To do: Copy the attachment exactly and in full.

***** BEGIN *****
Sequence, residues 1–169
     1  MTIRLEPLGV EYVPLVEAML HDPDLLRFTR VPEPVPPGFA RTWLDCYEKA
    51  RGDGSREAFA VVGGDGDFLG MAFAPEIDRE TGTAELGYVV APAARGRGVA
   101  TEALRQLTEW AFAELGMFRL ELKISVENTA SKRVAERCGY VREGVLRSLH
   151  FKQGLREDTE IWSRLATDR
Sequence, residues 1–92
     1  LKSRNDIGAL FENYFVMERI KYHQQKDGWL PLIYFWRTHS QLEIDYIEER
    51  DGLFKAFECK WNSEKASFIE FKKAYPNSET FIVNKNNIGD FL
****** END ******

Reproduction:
Sequence, residues 1–169
     1  MTIRLEPLGV EYVPLVEAML HDPDLLRFTR VPEPVPPGFA RTWLDCYEKA
    51  RGDGSREAFA VVGGDGDFLG MAFAPEIDRE TGTAELGYVV APAARGRGVA
   101  TEALRQLTEW AFAELGMFRL ELKISVENTA SKRVAERCGY VREGVLRSLH
   151  FKQGLREDTE IWSRLATDR
Sequence, residues 1–92
     1  LKSRNDIGAL FENYFVMERI KYHQQKDGWL PLIYFWRTHS QLEIDYIEER
    51  DGLFKAFECK WNSEKASFIE FKKAYPNSET FIVNKNNIGD FL